Author Topic: NIGERIA FOURTH REPUBLIC  (Read 18461 times)

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NIGERIA FOURTH REPUBLIC
« on: September 06, 2008, 09:12:51 PM »
Fourth Republic

The emergence of democracy in Nigeria on May 1999 ended 16 years of consecutive military rule. Olusegun Obasanjo inherited a country suffering economic stagnation and the deterioration of most democratic institutions. Obasanjo, a former general, was admired for his stand against the Abacha dictatorship, his record of returning the federal government to civilian rule in 1979, and his claim to represent all Nigerians regardless of religion.

The new President took over a country that faced many problems, including a dysfunctional bureaucracy, collapsed infrastructure, and a military that wanted a reward for returning quietly to the barracks. The President moved quickly and retired hundreds of military officers holding political positions, established a blue-ribbon panel to investigate human rights violations, released scores of persons held without charge, and rescinded numerous questionable licenses and contracts left by the previous regimes. The government also moved to recover millions of dollars in funds secreted to overseas accounts.

Most civil society leaders and Nigerians witnessed marked improvements in human rights and freedom of the press under Obasanjo. As Nigeria works out representational democracy, conflicts persist between the Executive and Legislative branches over appropriations and other proposed legislation. A sign of federalism has been the growing visibility of state governors and the inherent friction between Abuja and the state capitals over resource allocation.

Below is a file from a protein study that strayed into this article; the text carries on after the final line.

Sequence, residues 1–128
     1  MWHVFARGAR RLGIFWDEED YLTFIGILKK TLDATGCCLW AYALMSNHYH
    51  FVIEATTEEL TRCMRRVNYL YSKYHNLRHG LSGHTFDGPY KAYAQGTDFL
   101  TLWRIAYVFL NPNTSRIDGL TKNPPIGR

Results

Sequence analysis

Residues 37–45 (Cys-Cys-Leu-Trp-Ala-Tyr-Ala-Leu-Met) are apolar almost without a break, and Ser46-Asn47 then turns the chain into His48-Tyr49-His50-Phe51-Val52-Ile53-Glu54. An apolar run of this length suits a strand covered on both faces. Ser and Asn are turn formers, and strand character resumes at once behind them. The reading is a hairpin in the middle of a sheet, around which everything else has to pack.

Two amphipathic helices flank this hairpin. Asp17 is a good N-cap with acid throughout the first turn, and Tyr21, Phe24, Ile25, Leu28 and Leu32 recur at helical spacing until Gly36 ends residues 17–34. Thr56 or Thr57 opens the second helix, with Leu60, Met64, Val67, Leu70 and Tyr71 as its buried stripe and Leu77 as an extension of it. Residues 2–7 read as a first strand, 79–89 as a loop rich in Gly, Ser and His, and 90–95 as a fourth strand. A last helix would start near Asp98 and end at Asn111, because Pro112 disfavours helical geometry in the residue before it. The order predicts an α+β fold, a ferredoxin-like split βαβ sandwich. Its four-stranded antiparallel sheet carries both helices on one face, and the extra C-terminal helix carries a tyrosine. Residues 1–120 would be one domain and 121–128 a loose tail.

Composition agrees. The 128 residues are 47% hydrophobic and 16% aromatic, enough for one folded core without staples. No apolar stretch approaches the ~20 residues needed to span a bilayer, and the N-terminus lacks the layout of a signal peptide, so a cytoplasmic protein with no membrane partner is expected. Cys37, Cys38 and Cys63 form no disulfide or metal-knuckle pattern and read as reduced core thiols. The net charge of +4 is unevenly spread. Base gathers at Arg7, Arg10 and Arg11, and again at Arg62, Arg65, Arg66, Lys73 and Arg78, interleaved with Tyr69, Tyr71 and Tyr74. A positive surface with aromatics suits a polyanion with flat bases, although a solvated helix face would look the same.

Communal violence has plagued the Obasanjo government since its inception. In May 1999 violence erupted in Kaduna State over the succession of an Emir resulting in more than 100 deaths. In November 1999, the army destroyed the town of Odi, Bayelsa State and killed scores of civilians in retaliation for the murder of 12 policemen by a local gang. In Kaduna in February-May 2000 over 1,000 people died in rioting over the introduction of criminal Shar'ia in the State. Hundreds of ethnic Hausa were killed in reprisal attacks in southeastern Nigeria. In September 2001, over 2,000 people were killed in inter-religious rioting in Jos. In October 2001, hundreds were killed and thousands displaced in communal violence that spread across the states of Benue, Taraba, and Nasarawa. On October 1, 2001 Obasanjo announced the formation of a National Security Commission to address the issue of communal violence. Obasanjo was reelected in 2003.

The new president faces the daunting task of rebuilding a petroleum-based economy, whose revenues have been squandered through corruption and mismanagement. Additionally, the Obasanjo administration must defuse longstanding ethnic and religious tensions if it hopes to build a foundation for economic growth and political stability. Currently there is unrest in the Niger delta over the environmental destruction caused by oil drilling and the ongoing poverty in the oil-rich region.

A further major problem created by the oil industry is the drilling of pipelines by the local population in an attempt to drain off the petroleum for personal use or as a source of income. This often leads to major explosions and high death tolls.
Particularly notable disasters in this area have been: 1) October 1998, Jesse, 1100 deaths, 2) July 2000, Jesse, 250 deaths, 3) September 2004, near Lagos, 60 deaths, 4) May 2006, Ilado, approx. 150-200 deaths (current estimate).

Two militants of an unknown faction shot and killed Ustaz Ja'afar Adam, a northern Muslim religious leader and Kano State official, along with one of his disciples in a mosque in Kano during dawn prayers on 13 April 2007. Obasanjo had recently stated on national radio that he would "deal firmly" with election fraud and violence advocated by "highly placed individuals." His comments were interpreted by some analysts as a warning to his Vice President and 2007 presidential candidate Atiku Abubakar.

In the 2007 general election, Umaru Yar'Adua and Goodluck Jonathan, both of the People's Democratic Party, were elected President and Vice President, respectively. The election was marred by electoral fraud, and denounced by other candidates and international observers.

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NIGERIA FOURTH REPUBLIC
« on: September 06, 2008, 09:12:51 PM »

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